I’ve also written a five part serial for The People’s Friend (dates to be announced), had one full request on a novel manuscript from a literary agent (subsequently rejected), entered a handful of competitions (no placings there), rewritten the opening of a novel in preparation for an agent 1-2-1 (my first time on Zoom!), re-edited that entire manuscript after I had a second full request (from the 1-2-1 literary agent – the chat went very well, though no further news as yet), and have been redrafting the novel I wrote during the UK’s first lockdown.

The year has been so odd, so disjointed, the world turned on its head. And here we are, facing a very uncertain 2021.

But here’s hoping that life soon returns to some semblance of normality and that you’re all safe and well and enjoy the kindest, warmest festive season and have a healthy, happy and hopeful New Year.

*I can’t vouch for the other stories, but mine is more creepy and sad than terrifying, honest.

Friday Fictioneers: Across the Cat and Fiddle

PHOTO PROMPT © CEAyr

Dad bought the Austin from a travelling salesman he met in the King’s Arms.

The leather seats were cracked like baked mud, the window seals perished to powder and we kids could watch the road speed beneath our feet where spots of floor had rusted through.

Sunday afternoons we’d drive across sullen brown moors filmy with mist, heading for the Cat and Fiddle Inn. Mum and Dad would go inside for pints of bitter and ports and lemon, leaving us in the car sucking lemonade through flattened straws, the wind making the car rock like a lightly moored tug boat.

***

Written for Rochelle Wisoff-Field’s Friday Fictioneers. See the photo and let your imagination wander. See here to join in.

The Cat and Fiddle is the second highest pub in England, set in the Derbyshire moors. Famous for its barren location and the highly dangerous, snaking road that takes its name, it’s close to where I grew up in Buxton, Derbyshire.

OLD POSTCARD RP Cat Fiddle Pub Buxton Derbyshire Vintage Car 1930S Cv179 -  £2.99 | PicClick UK

Crimson’s Creative Challenge #83: Goodbye Dolly

CCC#83

Dolly pushed her nose against my shoulder. Warm smells of manure and hay and horse enveloped me.

‘Go on, now,’ I said, gently pushing her back.

She sensed something was different, a wrongness that made her nod and kick the stable door.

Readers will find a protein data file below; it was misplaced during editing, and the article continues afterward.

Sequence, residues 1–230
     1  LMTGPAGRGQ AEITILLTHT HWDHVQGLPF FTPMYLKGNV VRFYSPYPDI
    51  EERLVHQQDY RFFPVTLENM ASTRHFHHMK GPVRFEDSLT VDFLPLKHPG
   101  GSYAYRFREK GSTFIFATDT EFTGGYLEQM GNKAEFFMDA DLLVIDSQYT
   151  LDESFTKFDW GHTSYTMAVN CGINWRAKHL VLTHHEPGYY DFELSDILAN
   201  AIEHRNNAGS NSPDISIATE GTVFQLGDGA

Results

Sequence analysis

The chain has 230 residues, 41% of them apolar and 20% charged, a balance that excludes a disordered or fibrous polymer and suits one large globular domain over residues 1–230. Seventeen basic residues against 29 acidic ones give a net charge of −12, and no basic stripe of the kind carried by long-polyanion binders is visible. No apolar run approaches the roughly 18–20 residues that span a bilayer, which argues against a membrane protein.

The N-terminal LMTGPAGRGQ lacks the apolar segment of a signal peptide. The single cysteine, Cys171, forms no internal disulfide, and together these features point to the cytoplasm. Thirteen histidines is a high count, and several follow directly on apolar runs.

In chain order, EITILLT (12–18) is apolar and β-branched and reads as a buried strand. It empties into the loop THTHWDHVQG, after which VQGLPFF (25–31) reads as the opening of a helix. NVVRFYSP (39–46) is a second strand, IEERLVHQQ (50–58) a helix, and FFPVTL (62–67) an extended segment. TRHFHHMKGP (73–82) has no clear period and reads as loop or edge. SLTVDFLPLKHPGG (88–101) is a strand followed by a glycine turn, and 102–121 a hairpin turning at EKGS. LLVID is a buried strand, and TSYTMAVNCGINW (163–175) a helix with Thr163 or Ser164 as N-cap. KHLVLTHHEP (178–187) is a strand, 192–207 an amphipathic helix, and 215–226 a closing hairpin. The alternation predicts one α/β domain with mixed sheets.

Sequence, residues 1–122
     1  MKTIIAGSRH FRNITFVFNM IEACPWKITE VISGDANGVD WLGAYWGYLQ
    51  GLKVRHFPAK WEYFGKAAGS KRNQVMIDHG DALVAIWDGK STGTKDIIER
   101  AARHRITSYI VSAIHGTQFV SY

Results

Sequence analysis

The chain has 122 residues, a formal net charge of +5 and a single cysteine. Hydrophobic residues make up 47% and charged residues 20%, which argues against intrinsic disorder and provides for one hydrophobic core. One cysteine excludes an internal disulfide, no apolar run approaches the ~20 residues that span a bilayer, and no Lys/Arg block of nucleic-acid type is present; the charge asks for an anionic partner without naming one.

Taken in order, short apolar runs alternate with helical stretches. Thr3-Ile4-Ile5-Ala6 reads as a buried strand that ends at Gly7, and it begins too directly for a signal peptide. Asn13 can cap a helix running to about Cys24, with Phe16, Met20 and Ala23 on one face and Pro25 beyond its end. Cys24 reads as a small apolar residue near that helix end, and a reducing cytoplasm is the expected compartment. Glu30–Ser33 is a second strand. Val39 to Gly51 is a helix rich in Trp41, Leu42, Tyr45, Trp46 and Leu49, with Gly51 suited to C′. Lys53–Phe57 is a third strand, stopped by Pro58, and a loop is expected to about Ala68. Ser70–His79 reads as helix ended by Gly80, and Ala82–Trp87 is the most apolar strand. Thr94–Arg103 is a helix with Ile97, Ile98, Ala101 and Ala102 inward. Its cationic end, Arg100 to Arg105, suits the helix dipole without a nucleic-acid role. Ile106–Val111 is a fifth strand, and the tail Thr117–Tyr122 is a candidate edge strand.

‘All right, I know.’ I pressed my face against hers, felt the brush of her whiskery lips, soft as kid gloves.

I turned then, hefted my pack and crossed the yard, cobbles and runoff slipping under my boots.

Mother stood at the farmhouse door, arms folded, a barrier never to be crossed. I nodded and she slipped back inside without a word.

Tom paced at the crossing, tipping his cap back when he saw me. ‘For King and Country, then,’ he said.

Poppies shivered on the bank along the lane, a scarlet ribbon leading us on to adventure.

‘For King and Country,’ I said.

***

Written for Crispina Kemp’s Crimson’s Creative Challenge. Use the photograph to take you to different worlds. See here to join in.

And to accompany the story, an apt song from the time.

Friday Fictioneers: Uplift

PHOTO PROMPT © Ronda Del Boccio

As Fi left the living room, Callie removed one earbud. She rested a pink DayGlo marker pen on the textbook that was open on her lap. ‘You didn’t read a word the whole time she was in here.’

‘What?’ I returned to staring at The God Of Small Things, ignoring her slight smile.

‘Uplift,’ she said.

‘You going to give me a physics lecture now?’

‘Uplift is how my mum describes the feeling of meeting my Dad.’ She put her earbud back in place and picked up the marker. ‘And it’s not physics, you pillock – it’s chemistry.’

***

Written for Rochelle Wisoff-Field’s Friday Fictioneers. See the prompt photo and write a story of no more than one hundred words. See here to join in.

I admit, I struggled over this one. So I followed the lead of our gracious host and attacked the subject tangentially.

The God of Small Things is a novel by Arundhati Roy that I haven’t read in years but remember it being amazing. It won the Booker Prize in 1997.

Short story published on Horror Tree

Image: Pixab

Between them, Abner and Farley sum up Pale Horse – lean and tough, cruel and greedy. This place bonds people, whether they want it to or not. The summers are short, the winters are long. The strong look out for each other and the weak … Well, there are no weak left… 

Such is the town of Pale Horse, the setting for my ghost story, published on the Horror Tree site as of yesterday.

Let those of you who don’t have the stomach for gore be assured – you’ll find nothing but creeping dread in Pale Horse.

And by the way, Horror Tree is a fantastic site for those of us who wade in dark shallows, full of interesting articles, fiction and writing opportunities. So do hop over and take a wander and read my story here.

I’ve been away from the blog a few weeks, finishing the first draft of my current WIP. Well, the draft’s done (81,000 words – hurray!) so I’ll hopefully be around here a bit… at least until it’s time to rewrite!

Take care, all.

What Pegman Saw: Walking in shadows

Image: Google Streetview

‘The lady stayed in the shadows, mostly.’

‘Particular shadows? Particular places?’

‘I saw her in the park . On days when men came round and I had to leave the flat. The lady would be under the trees, waiting for me.’

‘When else?’

‘At school before I was excluded. In the flat too.’

‘Was that when your mum was taking drugs?’

‘Yeah. We had a cupboard in the hall. When Mum came back from her dealer, the lady would be in the cupboard.’

‘How do you know she was there? Did you see her?’

‘I heard her. She had a way of breathing.’

‘Can you describe it? This way of breathing?’

‘No.’

‘Do you still see her?’

‘Only when I’m off my meds.’

‘Like last week?’

‘Yeah.’

‘Did you really forget to take your medication, like you told the police?’

‘No.’

‘Then why -‘

‘Because I missed her.’

***

Written for What Pegman Saw, the prompt that uses Google Street View as its starting point. This week we visit Providence, Rhode Island. See here to join in.